Most premedical students are aware of the traditional path to becoming a doctor. This involves going to college for four years and then attending medical school following graduation. After that, these newly minted physicians continue on in a residency in the specialty of their choice.
Although this is the most common path to take to become a physician, some schools offer an alternate route in the form of an early assurance program, or EAP.
Students dedicated to a medical career who excel in their coursework and typically other areas such as character and leadership can secure a seat in med school well before graduation and earlier than the normal med school application timeline, which typically is after the junior or senior year of college.
These high-achieving undergraduates apply and are assured of acceptance to med school earlier than normal, such as at the end of their sophomore year — the case with the early assurance program at Loyola University Chicago and its Stritch School of Medicine — or the beginning of their junior year of college, which is the case with the EAP at Dartmouth College’s Geisel School of Medicine in New Hampshire.
Though early assurance program requirements vary from school to school, accepted students are guaranteed a spot in that program’s med school if they meet conditions of admission before and after acceptance into the EAP, such as completing all prerequisite courses required for med school. They also are getting their foot in the door before taking the Medical College Admission Test, commonly known as the MCAT, and in some cases are not required to take the exam at all.
Early assurance often means that these students can devote more undergraduate time to other activities and studying more subjects of their choice because they do not have to participate in the costly and time-consuming process of applying to multiple med schools through the American Medical College Application Service, or AMCAS.
For some early assurance programs, such as the Thomas Haider Early Assurance Program that places students into the University of California–Riverside Medical School, participants are barred from applying to other med schools. The University of Toledo in Ohio considers it a withdrawal from its MedStart early assurance program with the university’s College of Medicine and LIfe Sciences if an accepted student applies to another med school via AMCAS.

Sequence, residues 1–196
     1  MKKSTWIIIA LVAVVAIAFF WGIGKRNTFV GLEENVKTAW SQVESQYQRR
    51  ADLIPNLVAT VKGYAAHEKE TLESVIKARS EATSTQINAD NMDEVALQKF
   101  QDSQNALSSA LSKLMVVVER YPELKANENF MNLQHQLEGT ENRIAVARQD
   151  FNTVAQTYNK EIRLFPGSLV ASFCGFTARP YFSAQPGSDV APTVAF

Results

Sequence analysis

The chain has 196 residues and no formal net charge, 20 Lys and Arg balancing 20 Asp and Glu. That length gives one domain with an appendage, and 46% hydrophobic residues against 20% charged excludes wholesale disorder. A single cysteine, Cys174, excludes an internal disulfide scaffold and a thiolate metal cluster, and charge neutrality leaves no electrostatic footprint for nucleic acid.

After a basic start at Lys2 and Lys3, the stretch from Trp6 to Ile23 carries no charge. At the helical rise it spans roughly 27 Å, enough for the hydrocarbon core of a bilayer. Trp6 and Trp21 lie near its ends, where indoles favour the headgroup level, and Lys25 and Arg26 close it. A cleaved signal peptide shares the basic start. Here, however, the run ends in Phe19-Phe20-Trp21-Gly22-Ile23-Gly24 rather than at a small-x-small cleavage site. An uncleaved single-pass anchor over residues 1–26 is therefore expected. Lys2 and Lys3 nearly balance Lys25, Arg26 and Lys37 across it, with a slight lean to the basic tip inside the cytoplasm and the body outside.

Most early assurance programs stipulate that a student complete certain coursework by the end of the second year of college in order to be accepted, typically five premed core science courses. This coursework is similar to what is required for medical school admissions and usually includes classes in subjects such as biology, chemistry and physics.
In addition, students must demonstrate academic proficiency by maintaining a certain grade point average, as well as indicate high motivation, good character and dedication to medicine.
A student interested in a particular EAP normally applies by using the specific application for that program or, in some cases, by applying through AMCAS. Some early assurance programs are offered only to current undergraduate students at the institution while some programs accept students from other institutions.
Admission to early assurance programs tends to be extremely selective. Four students per year may be chosen, for instance, for the EAP at the Honors College at East Carolina University in North Carolina and the university’s Brody School of Medicine.
Some programs seek to attract participants from historically underrepresented groups. For example, the program at Michigan State University’s College of Human Medicine gives preference to students at partner colleges and universities who are first-generation college students, graduates of a low-income high school, eligible for need-based grants or have interest in a high-need medical specialty area.
Once accepted to an early assurance program, a student will continue and complete undergraduate coursework and then transition to med school. Some early assurance programs shorten undergraduate and medical school requirements to a total of seven years combined rather than the typical eight.
Wiinning acceptance to an EAP gives students the freedom of not having to apply via AMCAS and experience the stress of the highly competitive medical school admissions process. EAP students often pursue additional interests since early assurance affords them some flexibility and possibly more spare time than the traditional med school applicant.
Depending on the student and his or her priorities, an EAP may be a good option. Premed students should be aware these programs are available and explore them as an option in the quest to become a doctor.
Students seeking coaching regarding early assurance program support may want to consider contacting a professional medical school admissions adviser. The process of gaining early assurance can be challenging, but good support can aid proactive students on their journey toward becoming a physician.
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Early Assurance Medical School Programs: What to Know originally appeared on usnews.com